Soccerstoriesbook's Blog


SIMPLIFY LIFE: EVENSIDE SHOULD BE ONSIDE

The U.S. won the first half and Mexico the second as the two bitter border rivals played to a 2-2 tie in a World Cup warm-up before 59,066 at University of Phoenix Stadium.

A vintage Michael Bradley half-volleyed home a cross by Graham Zusi in the 15th minute, then set up a toe-poke goal by Chris Wondolowski in the 28th with a head flick at the left post.

Mexico, determined not to suffer yet another Dos a Zero defeat on American soil, began its comeback four minutes after halftime when veteran captain Rafael Marquez scored on a free header off a corner kick by Marco Fabian.  The equalizer came in the 67th minute as Alan Pulido tucked the ball past U.S. goalkeeper Nick Rimando and into the net after substitute Paul Aguilar’s shot rang the left post.

The U.S. had an apparent game-winner in the 85th minute, but striker Eddie Johnson, who replaced Wondolowski 19 minutes earlier, saw his goal flagged for offside after a deft pass from 30 yards out by Clint Dempsey sent him into the penalty area unmolested.  [April 2]

Comment:  Johnson’s non-goal generated plenty of talk after the match, although it wasn’t a clear miss by Panamanian linesman Daniel Williamson and referee Roberto Moreno.  Have a look:

http://ftw.usatoday.com/2014/04/usa-mexico-usmnt-offside-referees/

The key is the photo at the end, which shows Johnson leaning ahead of Mexico’s second-to-last man when Dempsey plays the ball forward.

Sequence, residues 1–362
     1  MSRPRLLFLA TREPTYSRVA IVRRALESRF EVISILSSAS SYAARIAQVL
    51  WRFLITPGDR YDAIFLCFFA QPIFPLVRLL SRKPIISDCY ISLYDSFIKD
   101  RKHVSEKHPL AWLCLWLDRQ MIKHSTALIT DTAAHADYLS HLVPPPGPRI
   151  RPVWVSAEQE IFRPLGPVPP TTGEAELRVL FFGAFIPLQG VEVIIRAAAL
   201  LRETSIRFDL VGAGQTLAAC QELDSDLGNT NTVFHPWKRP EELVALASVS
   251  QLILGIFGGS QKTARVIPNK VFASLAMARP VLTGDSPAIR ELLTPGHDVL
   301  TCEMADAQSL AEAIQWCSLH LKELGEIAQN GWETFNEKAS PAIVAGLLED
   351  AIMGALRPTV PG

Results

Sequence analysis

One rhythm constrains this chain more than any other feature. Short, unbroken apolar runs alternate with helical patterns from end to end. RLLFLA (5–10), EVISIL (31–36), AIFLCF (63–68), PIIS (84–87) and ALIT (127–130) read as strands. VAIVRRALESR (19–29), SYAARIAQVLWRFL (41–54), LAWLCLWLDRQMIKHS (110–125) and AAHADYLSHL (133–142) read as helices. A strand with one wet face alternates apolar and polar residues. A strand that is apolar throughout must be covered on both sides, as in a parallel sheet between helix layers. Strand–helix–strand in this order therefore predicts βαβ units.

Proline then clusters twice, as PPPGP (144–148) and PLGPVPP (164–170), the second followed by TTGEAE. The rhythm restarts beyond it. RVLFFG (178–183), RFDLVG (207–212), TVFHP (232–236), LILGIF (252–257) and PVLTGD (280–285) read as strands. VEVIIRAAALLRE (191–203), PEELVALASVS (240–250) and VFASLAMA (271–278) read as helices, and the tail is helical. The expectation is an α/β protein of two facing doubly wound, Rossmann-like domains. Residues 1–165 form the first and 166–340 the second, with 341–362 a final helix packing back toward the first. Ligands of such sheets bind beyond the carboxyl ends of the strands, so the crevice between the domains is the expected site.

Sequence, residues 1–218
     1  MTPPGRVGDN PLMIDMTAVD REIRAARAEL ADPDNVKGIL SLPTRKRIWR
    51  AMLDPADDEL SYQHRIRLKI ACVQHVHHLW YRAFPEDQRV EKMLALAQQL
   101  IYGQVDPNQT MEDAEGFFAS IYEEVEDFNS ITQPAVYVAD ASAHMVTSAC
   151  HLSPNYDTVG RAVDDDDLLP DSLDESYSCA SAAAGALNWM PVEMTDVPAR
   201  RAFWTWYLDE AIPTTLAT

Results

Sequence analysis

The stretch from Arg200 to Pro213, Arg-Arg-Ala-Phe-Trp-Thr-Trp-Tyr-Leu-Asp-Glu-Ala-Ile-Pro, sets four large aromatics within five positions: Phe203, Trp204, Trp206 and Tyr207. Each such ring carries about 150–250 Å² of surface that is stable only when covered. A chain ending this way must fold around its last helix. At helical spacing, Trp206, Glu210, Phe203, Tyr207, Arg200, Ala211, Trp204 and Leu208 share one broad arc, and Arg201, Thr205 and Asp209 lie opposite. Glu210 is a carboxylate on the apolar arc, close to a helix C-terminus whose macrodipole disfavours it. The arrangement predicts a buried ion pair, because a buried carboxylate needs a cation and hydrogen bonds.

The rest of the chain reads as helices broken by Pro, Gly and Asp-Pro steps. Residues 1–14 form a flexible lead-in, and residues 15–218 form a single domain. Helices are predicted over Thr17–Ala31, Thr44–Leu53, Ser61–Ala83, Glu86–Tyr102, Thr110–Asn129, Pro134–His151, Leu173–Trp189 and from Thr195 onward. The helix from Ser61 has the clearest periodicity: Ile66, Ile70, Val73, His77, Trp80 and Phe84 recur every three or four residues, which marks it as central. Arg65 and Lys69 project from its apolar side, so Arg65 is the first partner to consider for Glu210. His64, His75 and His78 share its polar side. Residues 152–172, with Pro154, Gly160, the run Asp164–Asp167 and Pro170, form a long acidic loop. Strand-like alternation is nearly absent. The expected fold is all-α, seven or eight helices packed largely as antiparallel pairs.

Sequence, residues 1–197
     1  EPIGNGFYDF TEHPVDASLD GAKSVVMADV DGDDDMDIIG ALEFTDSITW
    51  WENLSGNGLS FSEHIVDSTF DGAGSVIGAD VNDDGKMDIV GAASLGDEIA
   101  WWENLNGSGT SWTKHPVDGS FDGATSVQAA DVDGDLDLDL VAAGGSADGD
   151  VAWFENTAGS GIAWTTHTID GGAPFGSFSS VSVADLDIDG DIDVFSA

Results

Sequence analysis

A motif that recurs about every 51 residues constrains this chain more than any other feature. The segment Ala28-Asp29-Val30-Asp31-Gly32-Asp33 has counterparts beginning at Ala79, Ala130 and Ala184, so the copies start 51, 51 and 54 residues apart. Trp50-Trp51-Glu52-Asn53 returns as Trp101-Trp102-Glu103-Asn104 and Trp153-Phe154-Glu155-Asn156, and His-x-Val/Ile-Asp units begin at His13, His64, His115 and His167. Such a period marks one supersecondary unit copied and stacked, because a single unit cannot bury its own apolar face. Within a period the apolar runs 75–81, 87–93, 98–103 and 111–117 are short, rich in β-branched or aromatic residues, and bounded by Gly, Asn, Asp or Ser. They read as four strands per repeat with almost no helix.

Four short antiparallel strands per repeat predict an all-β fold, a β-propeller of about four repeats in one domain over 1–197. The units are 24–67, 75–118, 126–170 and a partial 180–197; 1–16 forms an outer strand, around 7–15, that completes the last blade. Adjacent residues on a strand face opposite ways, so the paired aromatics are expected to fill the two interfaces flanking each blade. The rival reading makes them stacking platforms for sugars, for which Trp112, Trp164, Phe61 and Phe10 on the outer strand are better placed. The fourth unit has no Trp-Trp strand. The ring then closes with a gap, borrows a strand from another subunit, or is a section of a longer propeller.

U.S. fans can blame–and Mexico fans can thank–soccer’s official rules-making body, the International Football Association Board.

In 1990, the IFAB made life oh-so-simple with this decision:  “A player who is level with the second-last opponent or with the last two opponents is not in an offside position.”  In plain English, even is on.

In 2005, however, the board decided to make life hell for linesmen and defenders and opposing attackers with this:  “In the definition of offside position, ‘nearer to his opponents’ goal line’ means that any part of his head, body or feet is nearer to his opponents’ goal-line than both the ball and the second last opponent.  The arms are not included in this definition.”

Since then, linesmen, who have been forced to determine the involvement or possible obstruction of an attacking player, have been handed the additional responsibility of serving as master surveyor.  The 1990 decision seemed to give the benefit of the doubt to the attacker in a new world in which a comfortable, relatively reasonable gray line was created.  The 2005 ruling brought back the concept of splitting hairs.

And when it comes to splitting hairs, there will continue to be situations in which the attacker–moving forward–leans too far beyond a second-to-last opponent who is either upright or leaning back upfield.  That’s what attackers and defenders do, though their feet may be directly level.

If it’s any solace to American fans, Eddie Johnson was onside in Phoenix … two dozen years ago.

 

 

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